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How to workout your calorific intake.

How to work out your calorie intake.


The recommended daily average for a female equates to 1800kcal and men 2000. However, we are all different in shape and size, so of course we all need different calorific intakes.


To work out calorie intake specific to individuals we first need to work out our Basal Metabolic Rate (BMR) this is the number of calories that we burn per day when at rest, ie, lying in bed doing nothing.

Once we start adding in moving around daily activities and exercise this number of calories increases.


Calculating our BMR allows us to be much more accurate with our diet. From this we can create meal plans to help us loose or if desired put on weight.


To work out your BMR you need to know your:

  • Height (cm)
  • Weight (kg)
  • Age


The Math

For this we use the Harris-Benedict equation.[1]


Men                BMR= 66.5+(13.75xweight) + (5.003xheight) – (6.755xage)


So, for a 70kg male, height 175cm age 30 we get


BMR= 66.5+(13.75×70) + (5.003×175) – (6.755×30)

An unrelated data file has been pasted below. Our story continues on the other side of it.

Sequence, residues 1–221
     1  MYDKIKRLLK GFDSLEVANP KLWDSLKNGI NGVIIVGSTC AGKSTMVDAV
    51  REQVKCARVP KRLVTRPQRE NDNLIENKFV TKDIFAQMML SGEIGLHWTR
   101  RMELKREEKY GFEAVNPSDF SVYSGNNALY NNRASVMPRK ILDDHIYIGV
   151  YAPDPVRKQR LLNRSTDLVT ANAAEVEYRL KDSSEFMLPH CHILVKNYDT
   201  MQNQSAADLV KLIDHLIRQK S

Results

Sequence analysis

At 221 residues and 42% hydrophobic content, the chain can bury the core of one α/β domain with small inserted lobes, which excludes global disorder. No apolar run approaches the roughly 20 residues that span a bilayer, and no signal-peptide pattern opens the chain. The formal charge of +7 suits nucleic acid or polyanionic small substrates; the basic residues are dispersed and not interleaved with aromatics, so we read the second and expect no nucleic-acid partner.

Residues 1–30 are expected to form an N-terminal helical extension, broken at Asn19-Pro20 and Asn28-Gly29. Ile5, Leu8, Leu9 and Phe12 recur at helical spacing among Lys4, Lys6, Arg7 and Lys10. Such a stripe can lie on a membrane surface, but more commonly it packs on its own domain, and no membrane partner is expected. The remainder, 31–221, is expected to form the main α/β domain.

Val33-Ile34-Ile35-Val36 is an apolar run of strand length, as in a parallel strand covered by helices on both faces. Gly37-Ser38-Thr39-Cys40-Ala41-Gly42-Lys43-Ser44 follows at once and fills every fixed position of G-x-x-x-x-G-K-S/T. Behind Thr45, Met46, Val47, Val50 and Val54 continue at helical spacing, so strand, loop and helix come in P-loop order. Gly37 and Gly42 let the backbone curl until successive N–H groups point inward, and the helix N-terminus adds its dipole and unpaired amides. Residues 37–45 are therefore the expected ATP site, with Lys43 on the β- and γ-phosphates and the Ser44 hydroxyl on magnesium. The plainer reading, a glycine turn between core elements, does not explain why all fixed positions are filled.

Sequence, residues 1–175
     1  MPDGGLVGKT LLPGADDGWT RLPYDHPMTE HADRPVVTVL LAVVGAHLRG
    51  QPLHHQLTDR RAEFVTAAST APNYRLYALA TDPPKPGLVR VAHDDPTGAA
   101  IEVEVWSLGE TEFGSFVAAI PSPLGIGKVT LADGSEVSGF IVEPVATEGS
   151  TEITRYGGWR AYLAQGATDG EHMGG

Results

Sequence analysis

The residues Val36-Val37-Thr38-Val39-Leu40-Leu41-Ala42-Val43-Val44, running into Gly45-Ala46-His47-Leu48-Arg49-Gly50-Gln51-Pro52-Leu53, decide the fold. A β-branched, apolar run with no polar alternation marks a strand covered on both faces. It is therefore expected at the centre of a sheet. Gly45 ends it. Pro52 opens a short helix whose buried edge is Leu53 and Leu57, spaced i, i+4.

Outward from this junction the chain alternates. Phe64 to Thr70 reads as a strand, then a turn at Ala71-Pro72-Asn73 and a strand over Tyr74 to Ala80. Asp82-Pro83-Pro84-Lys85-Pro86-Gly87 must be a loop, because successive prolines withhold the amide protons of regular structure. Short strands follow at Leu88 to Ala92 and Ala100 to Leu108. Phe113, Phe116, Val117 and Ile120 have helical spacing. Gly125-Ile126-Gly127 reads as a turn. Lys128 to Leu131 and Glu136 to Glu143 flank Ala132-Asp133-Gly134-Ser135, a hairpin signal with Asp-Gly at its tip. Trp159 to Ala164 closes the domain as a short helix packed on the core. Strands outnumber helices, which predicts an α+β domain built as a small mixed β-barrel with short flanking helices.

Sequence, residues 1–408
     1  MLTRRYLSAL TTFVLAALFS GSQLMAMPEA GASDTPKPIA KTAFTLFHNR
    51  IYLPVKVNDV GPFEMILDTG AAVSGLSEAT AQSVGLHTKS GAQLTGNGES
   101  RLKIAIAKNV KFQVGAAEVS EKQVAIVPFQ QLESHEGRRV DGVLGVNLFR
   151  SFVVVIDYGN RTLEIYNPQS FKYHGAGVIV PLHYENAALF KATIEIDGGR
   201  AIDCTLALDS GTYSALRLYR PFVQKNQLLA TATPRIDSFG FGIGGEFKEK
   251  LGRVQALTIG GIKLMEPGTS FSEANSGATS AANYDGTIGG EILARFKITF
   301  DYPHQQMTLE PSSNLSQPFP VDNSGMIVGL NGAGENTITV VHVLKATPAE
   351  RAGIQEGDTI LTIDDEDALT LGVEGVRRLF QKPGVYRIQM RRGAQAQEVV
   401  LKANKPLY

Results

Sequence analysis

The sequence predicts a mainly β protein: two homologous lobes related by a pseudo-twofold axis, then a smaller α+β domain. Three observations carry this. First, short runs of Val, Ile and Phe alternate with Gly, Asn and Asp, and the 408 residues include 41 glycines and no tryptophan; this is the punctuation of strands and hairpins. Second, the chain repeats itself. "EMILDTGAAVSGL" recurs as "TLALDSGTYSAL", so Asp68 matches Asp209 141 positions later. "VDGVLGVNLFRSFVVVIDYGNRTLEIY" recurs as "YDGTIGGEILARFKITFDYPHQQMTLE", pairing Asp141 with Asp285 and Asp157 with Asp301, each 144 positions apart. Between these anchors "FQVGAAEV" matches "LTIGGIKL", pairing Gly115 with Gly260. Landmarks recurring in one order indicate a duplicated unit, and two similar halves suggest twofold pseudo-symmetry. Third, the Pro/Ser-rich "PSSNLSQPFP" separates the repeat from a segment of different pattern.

BMR= 66.5+(962.5) + (875.525) – (202.65)


Therefore, this males BMR =1701.857kcals per day



The math is slightly different for a female


Female          BMR = 66.5 + (9.563 x weight) + (1.850 x height) – (4.676 x age)


So, for a female of 70kg, 175cm in height and age 30 we get


BMR = 66.5 + (9.563 x 70) + (1.850 x 175) – (4.676 x 30)


BMR = 66.5 + (669.41) + (323.75) – (140.28)


Therefore, this Females BMR = 919.38kcals per day


We then Multiply this number by the amount of exercise that you are doing.


Little Exercise 1.2
Light Exercise 1.375
Moderate Exercise 1.55
Heavy Exercise 1.725
Very Heavy Exercise 1.9


Now that you can work out your calorific requirements you can adjust your diet to meet your goals.

For example, if you were looking to lose weight you would amend your caloric intake to be 500kcal less than the recommended intake. This would result in a loss of 1lb per week.[2] It is not recommended that you reduce any more than this.








  1. Harris, J. A., & Benedict, F. G. (1918). A biometric study of human basal metabolism. Proceedings of the National Academy of Sciences4(12), 370-373.


  1. Jeukendrup, A., & Gleeson, M. (2010). Sport nutrition: an introduction to energy production and performance(No. Ed. 2). Human Kinetics.


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